Flux can be broken down into few sections while building the application which is listed below.

Actions: “are payloads of information that send data from your application to your store. They are the only source of information for the store.” this means if any state change necessary the change required will be dispatched through the actions.

dispatcher: The dispatcher is a singleton, and operates as the central hub of data flow in a Flux application. It is essentially a registry of callbacks, and can invoke these callbacks in order. Each store registers a callback with the dispatcher. When new data comes into the dispatcher, it then uses these callbacks to propagate that data to all of the stores. The process of invoking the callbacks is initiated through the dispatch() method, which takes a data payload object as its sole argument.

Store: In Flux, Stores are simply a place where data is read out from. More specifically, Views within a Flux architecture will be notified of changes within Stores via the Observer pattern, and then query for those data in order to update their own states.

View : This is where the UI of the application is kept.

Flux Work Flow
const someAction = {
type: "Test",
payload: {user: "Test User", age: 25},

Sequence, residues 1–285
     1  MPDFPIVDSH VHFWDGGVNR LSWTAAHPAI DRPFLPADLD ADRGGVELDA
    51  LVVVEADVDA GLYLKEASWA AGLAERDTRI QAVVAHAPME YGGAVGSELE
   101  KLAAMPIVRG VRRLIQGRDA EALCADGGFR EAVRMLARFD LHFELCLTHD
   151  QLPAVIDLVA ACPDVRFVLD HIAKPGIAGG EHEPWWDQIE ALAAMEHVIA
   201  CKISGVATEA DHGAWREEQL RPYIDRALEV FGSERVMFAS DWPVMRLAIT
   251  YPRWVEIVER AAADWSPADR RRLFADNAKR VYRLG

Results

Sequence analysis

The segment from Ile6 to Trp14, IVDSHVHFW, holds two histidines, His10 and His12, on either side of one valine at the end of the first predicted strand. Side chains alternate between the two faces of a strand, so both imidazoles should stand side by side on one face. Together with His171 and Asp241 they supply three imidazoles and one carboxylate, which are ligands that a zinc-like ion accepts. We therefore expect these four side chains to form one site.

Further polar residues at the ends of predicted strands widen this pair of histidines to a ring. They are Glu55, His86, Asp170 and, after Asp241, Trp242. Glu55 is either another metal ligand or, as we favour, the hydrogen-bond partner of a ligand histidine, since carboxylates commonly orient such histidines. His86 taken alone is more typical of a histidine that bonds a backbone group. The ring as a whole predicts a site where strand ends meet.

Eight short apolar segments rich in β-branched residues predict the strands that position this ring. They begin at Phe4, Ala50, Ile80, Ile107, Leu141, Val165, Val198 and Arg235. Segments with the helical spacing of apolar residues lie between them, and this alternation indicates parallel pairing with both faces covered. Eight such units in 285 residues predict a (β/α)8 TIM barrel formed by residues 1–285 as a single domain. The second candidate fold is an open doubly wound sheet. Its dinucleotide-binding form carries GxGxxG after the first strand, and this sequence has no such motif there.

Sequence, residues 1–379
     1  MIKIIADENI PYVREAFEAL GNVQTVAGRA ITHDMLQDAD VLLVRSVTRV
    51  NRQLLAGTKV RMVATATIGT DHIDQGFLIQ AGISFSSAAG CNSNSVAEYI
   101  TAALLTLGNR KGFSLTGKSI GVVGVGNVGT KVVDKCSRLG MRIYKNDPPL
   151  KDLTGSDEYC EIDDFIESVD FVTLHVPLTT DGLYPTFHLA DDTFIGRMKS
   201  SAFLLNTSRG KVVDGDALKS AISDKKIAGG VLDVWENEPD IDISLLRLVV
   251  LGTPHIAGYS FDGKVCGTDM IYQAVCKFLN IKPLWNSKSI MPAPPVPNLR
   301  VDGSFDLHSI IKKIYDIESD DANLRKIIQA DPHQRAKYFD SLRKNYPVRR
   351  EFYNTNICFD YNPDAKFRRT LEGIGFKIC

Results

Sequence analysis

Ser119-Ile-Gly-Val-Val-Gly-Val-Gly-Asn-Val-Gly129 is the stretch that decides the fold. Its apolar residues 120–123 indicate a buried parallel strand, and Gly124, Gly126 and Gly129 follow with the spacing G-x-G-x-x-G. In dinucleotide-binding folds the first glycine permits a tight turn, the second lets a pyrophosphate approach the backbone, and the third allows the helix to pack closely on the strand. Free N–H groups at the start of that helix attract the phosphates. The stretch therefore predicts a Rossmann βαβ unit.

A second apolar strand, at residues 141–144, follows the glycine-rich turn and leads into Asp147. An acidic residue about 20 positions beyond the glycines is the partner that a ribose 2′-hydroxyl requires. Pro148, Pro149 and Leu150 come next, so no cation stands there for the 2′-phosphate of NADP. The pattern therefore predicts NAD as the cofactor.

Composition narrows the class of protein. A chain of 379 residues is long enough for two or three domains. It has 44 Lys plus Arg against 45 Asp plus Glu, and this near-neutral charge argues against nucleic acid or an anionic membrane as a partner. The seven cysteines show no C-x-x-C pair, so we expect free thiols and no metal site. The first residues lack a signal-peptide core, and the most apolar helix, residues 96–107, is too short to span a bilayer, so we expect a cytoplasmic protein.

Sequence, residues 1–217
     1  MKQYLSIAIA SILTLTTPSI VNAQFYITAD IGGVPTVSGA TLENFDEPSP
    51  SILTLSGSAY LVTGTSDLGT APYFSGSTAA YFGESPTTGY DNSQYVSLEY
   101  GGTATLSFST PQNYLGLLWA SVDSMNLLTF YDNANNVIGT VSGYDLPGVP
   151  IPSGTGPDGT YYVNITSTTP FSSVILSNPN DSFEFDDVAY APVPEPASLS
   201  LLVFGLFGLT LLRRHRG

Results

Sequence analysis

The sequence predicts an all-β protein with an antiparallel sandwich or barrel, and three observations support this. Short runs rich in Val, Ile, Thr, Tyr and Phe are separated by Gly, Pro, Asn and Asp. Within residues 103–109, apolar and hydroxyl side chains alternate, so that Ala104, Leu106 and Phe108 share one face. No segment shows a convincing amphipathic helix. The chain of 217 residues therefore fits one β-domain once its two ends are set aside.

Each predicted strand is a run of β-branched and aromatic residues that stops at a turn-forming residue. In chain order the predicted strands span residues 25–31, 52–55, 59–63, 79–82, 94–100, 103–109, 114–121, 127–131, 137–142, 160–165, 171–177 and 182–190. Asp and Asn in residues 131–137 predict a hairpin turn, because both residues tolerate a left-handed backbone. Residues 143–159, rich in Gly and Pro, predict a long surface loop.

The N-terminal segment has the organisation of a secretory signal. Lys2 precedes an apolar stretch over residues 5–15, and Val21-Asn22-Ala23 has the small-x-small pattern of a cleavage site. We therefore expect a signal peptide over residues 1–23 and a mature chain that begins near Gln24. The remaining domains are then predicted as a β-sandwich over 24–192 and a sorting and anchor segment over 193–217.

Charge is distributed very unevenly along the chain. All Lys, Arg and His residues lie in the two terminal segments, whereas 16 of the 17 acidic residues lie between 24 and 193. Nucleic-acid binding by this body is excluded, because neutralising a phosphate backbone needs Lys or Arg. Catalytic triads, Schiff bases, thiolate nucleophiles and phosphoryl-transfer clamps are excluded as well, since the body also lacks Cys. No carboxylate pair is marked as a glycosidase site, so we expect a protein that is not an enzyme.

This is a generally accepted convention to have a type and a payload for an action. The payload can be any valid JS type (array, object, etc ).

Top 10 Attributes to Consider While Selecting the State Management tool for any website.

To decide which one is better for State Management, lets first define the attributes based on which we will compare all of the above. And, these are:

  • Developed By
  • Stable Release
  • Initial Release
  • Github Stats
  • Store
  • Dispatcher
  • State
  • Workflow
  • Final Words (Pros and cons)

Developed By:-

Redux was created by Dan Abramov and Andrew Clark. Abramov began writing the first Redux implementation while preparing for a conference talk at React Europe on hot reloading.

Flux was created by Facebook For forcing an unidirectional flow of data between a system’s components.

Initial Release:-

Redux:- 2, June 2015
Flux:- June 2011

Stable Release:-

Redux:- 4.0.0 in April 2017

The major changes in the stable release are around our TypeScript definitions, bundled CommonJS and ES builds, throwing if you subscribe or getState from a reducer, and a bunch of other smaller things. The full changes are listed below.

Flux:- 3.1.3 on Nov 2016

The major changes in the stable release are added support for React 16

Github Stats:-


Github Stars:- 16331

Contributors:- 114

Total commits:- 394

Total open issues:-10

Total Closed Issues:-216


Github Stars:- 50499

Contributors:- 698

Total commits:- 2094

Total open issues:-27

Total Closed Issues:-1648


With Flux it is a convention to have multiple stores per application; each store is a singleton object. In Redux, the convention is to have a single store per application, usually separated into data domains internally (you can create more than one Redux store if needed for more complex scenarios).

Flux:- Multiple Store

Redux:- Single Store


Flux has a single dispatcher and all actions have to pass through that dispatcher. It’s a singleton object. A Flux application cannot have multiple dispatchers. This is needed because a Flux application can have multiple stores and the dependencies between those stores need a single manager, which is the dispatcher.